But as I can’t run from things (or I can, but I’d probably be on the other side of the world by now…), I searched for comfort in food. It was always there, it was something my security and it brought comfort to things constantly changing the world. My friend (yes, I have just one) and family members didn’t have that much time to listen to my constant wailing, so I used food to shut down my emotions and feelings instead. Maybe they wouldn’t understand it anyway because I didn’t either. I didn’t understand why I use food just to avoid my responsibility and to make everything ten times worse. It was my excuse for everything. I can’t study anymore because it may trigger my depression and anxiety and I might want to binge. I can’t go out with your friends because I am so fat from all that food and I’m disgusted and they wouldn’t like me.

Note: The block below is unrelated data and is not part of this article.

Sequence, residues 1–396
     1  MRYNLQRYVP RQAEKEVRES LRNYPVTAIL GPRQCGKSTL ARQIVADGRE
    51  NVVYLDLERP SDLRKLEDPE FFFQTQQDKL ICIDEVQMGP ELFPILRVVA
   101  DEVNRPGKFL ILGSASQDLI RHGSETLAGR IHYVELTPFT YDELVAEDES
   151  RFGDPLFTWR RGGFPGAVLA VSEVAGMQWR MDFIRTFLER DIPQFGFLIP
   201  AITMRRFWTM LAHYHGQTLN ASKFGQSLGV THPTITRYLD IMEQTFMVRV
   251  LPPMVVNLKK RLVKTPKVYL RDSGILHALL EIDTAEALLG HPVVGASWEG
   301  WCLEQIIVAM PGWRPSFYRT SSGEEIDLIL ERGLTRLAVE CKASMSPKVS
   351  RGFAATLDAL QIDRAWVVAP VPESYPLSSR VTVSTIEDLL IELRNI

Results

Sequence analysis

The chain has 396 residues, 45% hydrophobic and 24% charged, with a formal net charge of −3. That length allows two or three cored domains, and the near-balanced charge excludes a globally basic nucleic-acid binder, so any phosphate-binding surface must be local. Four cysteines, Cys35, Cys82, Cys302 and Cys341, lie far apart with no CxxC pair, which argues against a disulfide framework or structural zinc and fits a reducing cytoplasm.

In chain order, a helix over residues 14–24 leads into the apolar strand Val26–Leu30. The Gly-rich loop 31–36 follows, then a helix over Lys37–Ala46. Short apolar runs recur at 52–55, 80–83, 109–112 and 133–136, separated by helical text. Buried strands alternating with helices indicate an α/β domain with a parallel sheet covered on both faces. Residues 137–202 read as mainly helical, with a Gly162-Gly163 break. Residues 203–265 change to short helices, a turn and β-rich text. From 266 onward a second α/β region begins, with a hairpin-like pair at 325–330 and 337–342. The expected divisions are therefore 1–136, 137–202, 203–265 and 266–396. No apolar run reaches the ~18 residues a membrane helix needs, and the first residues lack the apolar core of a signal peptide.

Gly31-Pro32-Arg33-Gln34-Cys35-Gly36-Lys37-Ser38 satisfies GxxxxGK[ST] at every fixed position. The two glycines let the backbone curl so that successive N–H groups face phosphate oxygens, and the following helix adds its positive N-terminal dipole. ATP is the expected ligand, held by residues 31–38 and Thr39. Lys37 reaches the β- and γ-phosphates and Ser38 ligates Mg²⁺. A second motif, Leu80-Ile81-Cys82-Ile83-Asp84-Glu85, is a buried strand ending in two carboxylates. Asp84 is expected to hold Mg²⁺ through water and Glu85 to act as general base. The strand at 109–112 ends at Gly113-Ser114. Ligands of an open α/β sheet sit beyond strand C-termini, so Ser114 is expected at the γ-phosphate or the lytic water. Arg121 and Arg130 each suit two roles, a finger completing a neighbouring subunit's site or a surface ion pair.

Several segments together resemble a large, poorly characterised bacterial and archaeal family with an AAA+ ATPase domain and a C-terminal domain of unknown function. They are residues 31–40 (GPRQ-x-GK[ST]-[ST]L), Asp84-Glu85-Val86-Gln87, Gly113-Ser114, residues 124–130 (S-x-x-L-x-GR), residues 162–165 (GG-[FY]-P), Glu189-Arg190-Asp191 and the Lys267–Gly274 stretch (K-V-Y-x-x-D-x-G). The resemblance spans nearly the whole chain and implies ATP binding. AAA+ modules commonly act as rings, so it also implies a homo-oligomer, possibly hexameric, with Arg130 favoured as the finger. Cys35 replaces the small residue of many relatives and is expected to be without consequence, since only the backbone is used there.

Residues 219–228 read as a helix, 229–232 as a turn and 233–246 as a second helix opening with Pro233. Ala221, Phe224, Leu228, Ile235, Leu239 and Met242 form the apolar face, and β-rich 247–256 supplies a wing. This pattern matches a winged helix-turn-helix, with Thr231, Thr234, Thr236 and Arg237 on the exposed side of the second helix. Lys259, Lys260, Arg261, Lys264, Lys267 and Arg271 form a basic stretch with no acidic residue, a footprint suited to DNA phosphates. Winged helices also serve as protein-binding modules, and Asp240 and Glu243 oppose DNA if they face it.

aaaaaaaaaaaaaaaaaaaaaaaaaaapic

As you can guess, the food didn’t make the situation any better. It wasn’t like I ate for one hour and that was able to study for three more. After a binge/purge, all I could think was how f***d up my life (and me) is and how disgusting person I am. I felt like a loser with no willpower, desire and no reason to live.